An automated pipeline for imaging and analyzing spheroid development


Spheroids are three-dimensional cell aggregates with extensive cell-cell adhesions, thereby modeling the cellular interactions in a tissue [1, 2]. For a wide variety of tissues, spheroids have been produced: e.g. cardiomyocyte spheroids to model heart tissue [3], hepatocyte spheroids for liver tissue [4], and renal tubuloids representing kidney tissue [5]. These model systems can consist of one or multiple cell types that are naturally present in the tissue, and exhibit tissue-specific characteristics and functions [1]. Compared to traditional two-dimensional model systems, the three-dimensional structure of spheroids provides a more physiologically relevant cell morphology, cell polarity, cell-cell interaction, drug response, and gene and protein expression [2]. Spheroid cultures pose challenges compared to two-dimensional cultures. Large heterogeneities in spheroid properties are observed, originating from intra- and inter-operator variability in protocol execution, as well as differences in cell properties between batches and within samples [2, 6]. The heterogeneities, in combination with the labor-intensity of some of the currently applied methods for spheroid production [2, 6], impede the broad application of spheroids in high-throughput experiments [7].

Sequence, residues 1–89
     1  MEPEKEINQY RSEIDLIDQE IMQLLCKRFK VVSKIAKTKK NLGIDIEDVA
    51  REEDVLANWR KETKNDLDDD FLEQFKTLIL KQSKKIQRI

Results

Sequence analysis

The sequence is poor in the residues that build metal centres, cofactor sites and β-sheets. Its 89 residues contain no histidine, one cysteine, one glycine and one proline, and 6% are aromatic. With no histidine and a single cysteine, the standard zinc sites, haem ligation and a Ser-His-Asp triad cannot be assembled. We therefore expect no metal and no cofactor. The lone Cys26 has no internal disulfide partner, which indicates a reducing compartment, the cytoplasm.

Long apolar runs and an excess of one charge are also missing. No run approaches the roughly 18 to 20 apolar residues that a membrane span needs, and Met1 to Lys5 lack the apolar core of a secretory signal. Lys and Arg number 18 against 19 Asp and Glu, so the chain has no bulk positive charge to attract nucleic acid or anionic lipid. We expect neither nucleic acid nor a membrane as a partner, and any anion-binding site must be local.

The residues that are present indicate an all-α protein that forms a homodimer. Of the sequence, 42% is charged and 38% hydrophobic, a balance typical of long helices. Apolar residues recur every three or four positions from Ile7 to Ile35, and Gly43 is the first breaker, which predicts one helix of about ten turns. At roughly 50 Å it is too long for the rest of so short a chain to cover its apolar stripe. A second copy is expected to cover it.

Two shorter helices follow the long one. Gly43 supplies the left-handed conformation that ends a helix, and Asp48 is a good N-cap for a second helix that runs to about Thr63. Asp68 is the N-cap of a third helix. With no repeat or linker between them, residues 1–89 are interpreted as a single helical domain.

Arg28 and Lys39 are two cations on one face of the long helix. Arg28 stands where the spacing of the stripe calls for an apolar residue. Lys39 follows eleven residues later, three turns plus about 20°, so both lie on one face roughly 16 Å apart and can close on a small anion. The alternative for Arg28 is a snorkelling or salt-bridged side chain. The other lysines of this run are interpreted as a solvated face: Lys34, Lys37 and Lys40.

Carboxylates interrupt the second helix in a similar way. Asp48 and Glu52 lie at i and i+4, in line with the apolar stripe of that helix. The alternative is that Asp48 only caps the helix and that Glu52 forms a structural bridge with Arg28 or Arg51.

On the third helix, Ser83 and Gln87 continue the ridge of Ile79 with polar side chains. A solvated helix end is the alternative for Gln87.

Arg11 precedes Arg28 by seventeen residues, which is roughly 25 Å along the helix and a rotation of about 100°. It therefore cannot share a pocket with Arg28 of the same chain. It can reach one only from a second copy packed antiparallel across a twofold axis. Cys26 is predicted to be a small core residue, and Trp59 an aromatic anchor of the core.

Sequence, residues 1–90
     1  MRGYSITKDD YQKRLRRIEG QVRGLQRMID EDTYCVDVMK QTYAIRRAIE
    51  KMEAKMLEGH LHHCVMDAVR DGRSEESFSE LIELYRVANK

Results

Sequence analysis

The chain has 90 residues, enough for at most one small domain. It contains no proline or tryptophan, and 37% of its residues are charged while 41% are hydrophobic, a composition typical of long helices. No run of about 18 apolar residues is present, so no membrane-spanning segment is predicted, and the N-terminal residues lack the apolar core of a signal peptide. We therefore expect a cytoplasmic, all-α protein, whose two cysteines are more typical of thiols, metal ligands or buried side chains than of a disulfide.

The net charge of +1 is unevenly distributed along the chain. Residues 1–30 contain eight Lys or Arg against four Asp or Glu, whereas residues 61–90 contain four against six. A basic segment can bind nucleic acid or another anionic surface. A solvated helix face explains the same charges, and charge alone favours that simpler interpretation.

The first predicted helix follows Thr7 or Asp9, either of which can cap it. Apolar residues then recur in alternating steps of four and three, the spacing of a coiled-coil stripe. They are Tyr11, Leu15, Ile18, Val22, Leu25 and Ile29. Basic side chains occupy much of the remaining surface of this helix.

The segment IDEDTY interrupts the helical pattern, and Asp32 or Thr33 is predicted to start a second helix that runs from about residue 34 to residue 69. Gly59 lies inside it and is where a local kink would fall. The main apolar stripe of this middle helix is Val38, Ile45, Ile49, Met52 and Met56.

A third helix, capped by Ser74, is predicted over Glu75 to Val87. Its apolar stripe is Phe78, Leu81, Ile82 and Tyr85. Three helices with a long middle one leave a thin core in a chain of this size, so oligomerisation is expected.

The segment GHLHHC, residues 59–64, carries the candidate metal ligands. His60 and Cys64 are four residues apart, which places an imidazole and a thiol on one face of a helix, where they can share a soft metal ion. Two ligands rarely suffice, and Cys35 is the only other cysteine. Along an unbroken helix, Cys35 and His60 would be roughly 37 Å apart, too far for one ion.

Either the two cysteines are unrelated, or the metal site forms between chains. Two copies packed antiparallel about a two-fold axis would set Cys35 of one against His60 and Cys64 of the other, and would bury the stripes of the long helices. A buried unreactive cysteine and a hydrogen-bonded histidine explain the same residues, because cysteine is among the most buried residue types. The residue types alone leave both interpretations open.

The impact of these challenges could be largely reduced when using automated systems for spheroid culturing: the performance consistency of automated laboratory systems is much higher compared to manual tasks, while productivity and throughput can easily be increased [8, 9]. Such an automated system should also include components for sample monitoring and analysis. In this way, spheroid properties for experiments can easily be optimized, and possibly even the most suitable individual spheroids can be selected [10].

Therefore, this research aimed to create a proof-of-principle pipeline for automated imaging and analysis of spheroid cultures. For this purpose, HepG2 hepatoma cells were cultured to spheroids on various hydrogels, and meanwhile monitored using the CytoSMART® Lux2 and Lux3 BR. The KNIME® Analytics Platform 4.5 was used to train a model that recognizes and characterizes spheroids, enabling a laboratory system to automatically take appropriate action required for the experiment: e.g. start exposure to test- and control compounds, medium change, or spheroid sub-culturing.


Materials and methods